“You have a dream and you think you know how to make that dream come true, but it’s so wonderful to have the resources available. Northern Initiatives really helped us.”
Bethany Bauer and Brittany Meloche remember lunchtime at their previous job – scheming and dreaming of the pastry shop they wanted to open.
“We found out about the Italian families we each grew up in and we started eating lunch together and daydreaming. The biggest thing was, there was nowhere around here to get good cannoli,” said Bauer. They wanted to bring a taste of Italy to Muskegon.
Those dreams were more about mascarpone than marketing and the women knew they needed not just capital but education, too. Through fellow Italians, the owners of Nipote’s Italian Kitchen, they found out that Northern Initiatives, a CDFI with a mission to provide money and know how, not only could help with funding the startup phase, but had all sorts of technical assistance to go with it.
After securing a loan for equipment, they increased the pastry production and plunged into Initiate, Northern Initiatives’ online technical assistance portal. Access to Initiate and its plethora of online resources is available to all Northern Initiatives loan customers.
As part of Northern Initiatives’ blended learning approach, Business Coach Chris Wendel started working with the women in conjunction with their online lessons. “They really wanted to learn,” Wendel said. He remembers a struggle with balance sheets. “They just couldn’t get their heads around it, then something in a video clicked. The lightbulb went on.” He especially credits Bauer and Meloche for their openness to learning. “Admitting you don’t know financial statements is hard for a business owner to say,” Wendel said.
At first, the women were creating their pastries in an incubator kitchen and selling at farmers markets. It was getting expensive because they paid the kitchen by the hour and they make all their shells and cream from scratch. “Spending so much time in the kitchen was getting astronomical. We needed something more stable, more predictable,” Bauer said. In 2019, they moved into a tiny space, “nothing glamorous, less than 300 square feet, in a cute area of Muskegon,” Bauer said. Road construction started outside their door the day of the grand opening. What was supposed to take a couple months took almost the entire year they were there.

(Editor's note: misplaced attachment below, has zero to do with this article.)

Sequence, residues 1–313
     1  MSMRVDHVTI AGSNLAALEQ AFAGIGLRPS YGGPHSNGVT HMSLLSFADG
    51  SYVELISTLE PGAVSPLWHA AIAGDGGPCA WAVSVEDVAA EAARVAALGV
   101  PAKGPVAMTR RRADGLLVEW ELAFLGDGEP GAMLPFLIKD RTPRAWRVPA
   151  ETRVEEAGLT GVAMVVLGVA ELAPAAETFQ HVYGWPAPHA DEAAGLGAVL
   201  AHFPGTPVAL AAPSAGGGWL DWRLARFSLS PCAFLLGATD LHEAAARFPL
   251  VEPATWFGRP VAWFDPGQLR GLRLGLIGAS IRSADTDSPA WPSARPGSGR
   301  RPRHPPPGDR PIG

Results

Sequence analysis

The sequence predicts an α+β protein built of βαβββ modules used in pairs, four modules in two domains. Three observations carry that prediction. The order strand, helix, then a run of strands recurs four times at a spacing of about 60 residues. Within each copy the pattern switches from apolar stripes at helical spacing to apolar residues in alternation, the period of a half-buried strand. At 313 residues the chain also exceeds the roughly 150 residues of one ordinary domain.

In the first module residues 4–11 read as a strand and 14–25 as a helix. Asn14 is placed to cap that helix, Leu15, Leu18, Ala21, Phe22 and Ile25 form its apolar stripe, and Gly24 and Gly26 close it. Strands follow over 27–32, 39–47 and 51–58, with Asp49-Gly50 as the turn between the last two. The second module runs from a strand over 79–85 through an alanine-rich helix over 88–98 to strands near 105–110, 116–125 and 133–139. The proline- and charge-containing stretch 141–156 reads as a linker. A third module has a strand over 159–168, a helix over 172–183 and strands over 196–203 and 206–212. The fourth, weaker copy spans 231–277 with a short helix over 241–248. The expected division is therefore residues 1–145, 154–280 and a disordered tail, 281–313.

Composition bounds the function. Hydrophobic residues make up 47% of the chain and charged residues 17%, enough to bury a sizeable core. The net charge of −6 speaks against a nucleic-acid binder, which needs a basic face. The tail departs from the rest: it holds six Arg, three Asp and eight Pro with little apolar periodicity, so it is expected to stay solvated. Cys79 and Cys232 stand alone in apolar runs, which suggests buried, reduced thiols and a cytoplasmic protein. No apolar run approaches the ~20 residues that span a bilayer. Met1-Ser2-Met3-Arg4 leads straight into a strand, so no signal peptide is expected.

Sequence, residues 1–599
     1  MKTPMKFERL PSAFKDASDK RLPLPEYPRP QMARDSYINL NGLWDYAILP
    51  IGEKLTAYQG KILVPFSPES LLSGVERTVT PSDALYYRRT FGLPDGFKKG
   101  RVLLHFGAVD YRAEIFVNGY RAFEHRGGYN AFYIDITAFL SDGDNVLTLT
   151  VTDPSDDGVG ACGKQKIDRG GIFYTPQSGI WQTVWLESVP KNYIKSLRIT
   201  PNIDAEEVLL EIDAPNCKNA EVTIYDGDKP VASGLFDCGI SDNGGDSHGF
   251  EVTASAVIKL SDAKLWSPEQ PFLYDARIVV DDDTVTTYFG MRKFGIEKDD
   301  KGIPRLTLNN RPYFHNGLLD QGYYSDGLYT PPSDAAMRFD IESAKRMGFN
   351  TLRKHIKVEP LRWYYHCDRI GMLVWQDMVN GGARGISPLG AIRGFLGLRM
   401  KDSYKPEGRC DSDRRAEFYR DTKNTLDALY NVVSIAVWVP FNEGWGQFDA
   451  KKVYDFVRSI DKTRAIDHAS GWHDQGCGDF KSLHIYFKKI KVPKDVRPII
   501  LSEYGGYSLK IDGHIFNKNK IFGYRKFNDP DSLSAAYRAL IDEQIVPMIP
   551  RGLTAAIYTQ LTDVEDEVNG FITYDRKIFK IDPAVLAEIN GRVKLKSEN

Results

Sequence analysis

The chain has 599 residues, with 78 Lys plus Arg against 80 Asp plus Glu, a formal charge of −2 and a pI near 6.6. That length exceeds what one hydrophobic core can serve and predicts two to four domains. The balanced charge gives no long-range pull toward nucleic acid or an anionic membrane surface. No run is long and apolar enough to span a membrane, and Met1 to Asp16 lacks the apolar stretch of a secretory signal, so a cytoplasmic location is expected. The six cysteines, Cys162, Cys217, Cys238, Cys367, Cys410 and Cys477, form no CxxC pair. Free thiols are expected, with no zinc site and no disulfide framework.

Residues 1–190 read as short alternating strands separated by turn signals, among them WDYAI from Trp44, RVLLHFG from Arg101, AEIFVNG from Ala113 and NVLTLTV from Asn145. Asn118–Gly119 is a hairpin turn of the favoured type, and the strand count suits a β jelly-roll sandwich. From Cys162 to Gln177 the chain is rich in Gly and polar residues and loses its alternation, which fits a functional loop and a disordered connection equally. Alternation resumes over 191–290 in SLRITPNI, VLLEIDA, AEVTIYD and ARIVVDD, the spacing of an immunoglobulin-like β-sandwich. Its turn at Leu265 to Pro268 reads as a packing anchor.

But still, the cannoli, cakes, cheesecake and cookies kept selling. Turns out “Italians abound” in Muskegon, Bauer laughed, and word-of-mouth helped grow the business.
In 2020, in the middle of the pandemic, The Only Cannoli used a second Northern Initiatives loan to expand to a larger location in downtown Muskegon. Both Northern Initiatives loans were funded by an investment from the Community Foundation for Muskegon County, designated to help small businesses in their area.
Sales continued to flourish in the new location and the women continued their education on Initiate and with Wendel, paying special attention to goal-setting and projections. “We wanted to prepare for the worst but who could have predicted 2020?” Bauer said.
Their COVID strategy included expanding the menu for growing demand while streamlining the interior model for take-out orders in the new, larger location. They now provide Nipote’s with cannoli, along with other wholesale clients, and are catering weddings, brunches and showers. They offer cannoli kits and helped create the Obi-Wan Cannoli ice cream treat at UCC Desserts. They employ four people besides themselves.
“You have a dream and you think you know how to make that dream come true, but it’s so wonderful to have the resources available,” Bauer said. “Northern Initiatives really helped us.”
The Only Cannoli